Criminal Procedure Code, or for which he might have been convicted under s. 237
when the earlier conviction or acquittal for such an offence remains in force.
It is obvious that s. 403(1) has no application to the facts of the present
case, where there was only one trial for several offences, of some of which the
accused person was acquitted while being convicted of one. On this ground alone
the order of the High Court is liable to be set aside. The High Court also
relied on Art.
20 of the Constitution for the order of
acquittal but that Article cannot apply because the respondent was not
prosecuted after he had already been tried and acquitted for the same offence
in an earlier trial and, therefore, the (1)  S.C.R.423.
873 well-known maxim " Nemo debet bis
vexari, si constatcurice quod sit pro una et eadem causa" (No man shall be
twice punished, if it appears to the court that it is for one and the same
cause) " embodied in Art. 20 cannot apply.
The next argument on behalf of the appellant
is that where there are two alternate charges in the same trial, the fact that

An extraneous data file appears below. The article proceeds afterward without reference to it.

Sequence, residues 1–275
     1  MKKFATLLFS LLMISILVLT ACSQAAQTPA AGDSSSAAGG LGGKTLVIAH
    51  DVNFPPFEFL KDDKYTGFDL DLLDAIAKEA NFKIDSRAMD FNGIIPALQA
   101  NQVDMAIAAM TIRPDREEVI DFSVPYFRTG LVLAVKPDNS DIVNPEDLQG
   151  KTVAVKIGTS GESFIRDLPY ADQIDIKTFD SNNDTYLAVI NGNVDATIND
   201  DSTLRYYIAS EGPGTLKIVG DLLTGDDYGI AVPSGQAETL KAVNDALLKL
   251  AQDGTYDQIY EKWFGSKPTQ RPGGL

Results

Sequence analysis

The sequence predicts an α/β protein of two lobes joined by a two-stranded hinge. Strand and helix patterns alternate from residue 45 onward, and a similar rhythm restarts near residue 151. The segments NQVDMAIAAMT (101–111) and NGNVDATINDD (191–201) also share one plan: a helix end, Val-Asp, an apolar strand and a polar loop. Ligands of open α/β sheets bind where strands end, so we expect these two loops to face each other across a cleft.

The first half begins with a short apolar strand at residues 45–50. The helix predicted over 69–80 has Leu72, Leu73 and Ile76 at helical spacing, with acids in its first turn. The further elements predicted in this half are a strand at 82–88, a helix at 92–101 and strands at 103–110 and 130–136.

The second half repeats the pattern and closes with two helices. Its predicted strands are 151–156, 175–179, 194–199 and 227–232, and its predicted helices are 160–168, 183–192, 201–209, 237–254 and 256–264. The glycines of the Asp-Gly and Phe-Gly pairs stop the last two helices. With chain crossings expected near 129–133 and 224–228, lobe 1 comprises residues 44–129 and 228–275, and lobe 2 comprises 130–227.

the accused is acquitted of one of them, will not prevent the conviction on the
other, is also well-founded.
Section 26 of the General Clauses Act can be
called in aid in support of this proposition. There is no question of double
jeopardy. Section 26 runs as follows:
"Provisions as to offences punishable
under two or more enactments: Where an act or omission constitutes an offence
under two or more enactments then the offender shall be liable to be prosecuted
and punished under either or any of those enactments, but shall not be liable
to be punished twice for the same." We are, therefore, of the opinion that
the learned Judge's view on this aspect of the case is also unsound.
In view of what has been stated above, it is
unnecessary to deal with the last contention of the learned counsel for the
appellant except merely to state that the Special Judge had jurisdiction to try
the accused person under s. 7 of the Prevention of Corruption Act, 1947.
The result is that the appeals succeed, the
order of the High Court acquitting the respondent of an offence under s. 409 of
the Indian Penal Code is set aside and the appeals are remanded to the High
Court of Madhya Pradesh for re- hearing on the merits.